At the state tournament, "I think I did pretty good," Shannon, 48-0, said with a smile. "We wrestle for our team and our school, so it means a lot to us."
Junior Malik Johnson, 120-pound weight class, won his third state championship. He followed his brother into the sport. "I just like the feeling of winning," he said.
Johnson, 33-1, was confident heading to the state tournament because "I knew I put in the work. I knew no one else in the state was doing what I did to prepare myself for this tournament."
He credited his practice partner, Josh Saunders. "We had some battles back and forth," Johnson said. "Also, working out with DK (assistant coach Dennis Kakrah) helped me. Coach Robs helps me a lot. And I went home and practiced with my dad every single day."
Alec Maglione, a CBC graduate who was an academic all-state wrestler and state medalist, wrote a prayer for wrestlers, and Robinson "remixed it." During the season, bits were contributed to it by team members.
Saunders brings his faith to his sport through the music he listens to and by praying with his father before matches. Severado thinks of God being with him every match, and he thanks Him for giving him strength and speed. Johnson also said that he knows his talent comes from God. "Without God, I wouldn't be able to accomplish this," he said.
St. Joseph Academy's senior swimmer Anna Miller won state titles in the 50- and 100-yard freestyle races, setting a state record in the former event.
Cor Jesu Academy sophomore Karisa Franz won the 100 butterfly. She also took fourth in the 200-yard IM.
Other medalists included Ellie Wehrmann of Incarnate Word Academy, fifth in the 200-yard freestyle and third in the 100-yard freestyle. Visitation Academy's Alli Hanlon, Emily O'Connell, Corinne Michael and Christian Jurotich finished fourth in the 200-yard freestyle relay and sixth in the 400-yard freestyle relay.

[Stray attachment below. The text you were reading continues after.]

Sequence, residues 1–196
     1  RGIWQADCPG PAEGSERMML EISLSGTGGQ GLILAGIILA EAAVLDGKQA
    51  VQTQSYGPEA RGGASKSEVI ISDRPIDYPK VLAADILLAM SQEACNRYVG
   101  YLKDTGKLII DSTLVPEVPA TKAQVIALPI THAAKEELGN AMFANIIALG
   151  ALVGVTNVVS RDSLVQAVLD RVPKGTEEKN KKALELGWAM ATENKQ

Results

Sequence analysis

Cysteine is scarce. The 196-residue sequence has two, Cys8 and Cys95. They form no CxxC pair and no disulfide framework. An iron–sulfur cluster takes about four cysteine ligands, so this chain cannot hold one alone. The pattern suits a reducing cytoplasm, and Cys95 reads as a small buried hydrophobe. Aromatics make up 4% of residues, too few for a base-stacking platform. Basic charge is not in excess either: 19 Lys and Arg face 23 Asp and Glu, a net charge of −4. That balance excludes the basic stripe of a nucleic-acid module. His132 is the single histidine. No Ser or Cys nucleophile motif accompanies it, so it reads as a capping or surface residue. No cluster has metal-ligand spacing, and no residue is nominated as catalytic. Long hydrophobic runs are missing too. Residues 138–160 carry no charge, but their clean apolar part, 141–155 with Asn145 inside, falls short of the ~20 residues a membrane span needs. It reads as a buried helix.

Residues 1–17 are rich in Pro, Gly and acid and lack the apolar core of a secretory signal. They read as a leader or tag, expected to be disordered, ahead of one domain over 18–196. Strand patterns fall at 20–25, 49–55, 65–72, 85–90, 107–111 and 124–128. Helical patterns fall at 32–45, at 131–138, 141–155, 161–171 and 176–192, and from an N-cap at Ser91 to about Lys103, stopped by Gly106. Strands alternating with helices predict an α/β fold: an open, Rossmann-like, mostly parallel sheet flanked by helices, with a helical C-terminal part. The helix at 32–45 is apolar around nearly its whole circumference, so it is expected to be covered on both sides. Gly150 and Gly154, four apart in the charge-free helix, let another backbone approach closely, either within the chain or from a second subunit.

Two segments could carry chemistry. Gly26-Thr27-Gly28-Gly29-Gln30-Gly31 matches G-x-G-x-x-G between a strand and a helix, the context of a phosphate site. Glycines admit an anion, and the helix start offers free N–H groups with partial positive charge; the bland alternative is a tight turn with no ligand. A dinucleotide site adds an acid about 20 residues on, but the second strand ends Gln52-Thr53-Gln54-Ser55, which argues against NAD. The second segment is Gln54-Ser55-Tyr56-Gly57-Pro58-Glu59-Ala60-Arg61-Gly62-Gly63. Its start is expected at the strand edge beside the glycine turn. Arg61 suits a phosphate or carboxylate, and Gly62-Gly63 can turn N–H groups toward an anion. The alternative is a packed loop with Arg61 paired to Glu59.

In Class 4, besides the five CBC medalists, Danny Conley of Chaminade won in the 220-pound class and Cory Peterson of De Smet Jesuit High School finished second in the 160-pound class. In Class 3, Corbin Lee of St. Mary's High School won first place in the 285-pound class. In Class 2, Adam Helbusch of St. Francis Borgia finished sixth in the 113-pound class and teammate Dylan Hellebusch was fourth in the 138-pound class. Greg Rolwes of Priory was sixth in the 160-pound class and teammate Tony Kraus was fifth.
Christian Brothers College High School and St. Louis University High School will play for the Challenge Cup trophy in the Mid-States Hockey playoffs at 8 p.m. Wednesday, March 8, at the Scottrade Center in St. Louis.
CBC, 22-5, advanced to the finals with 4-3 and 6-1 victories over Edwardsville High School. St. Louis University won its first game against Oakville High School 5-1 before losing the second game 4-3. SLUH, 25-3, came back to win a deciding mini-game 2-0.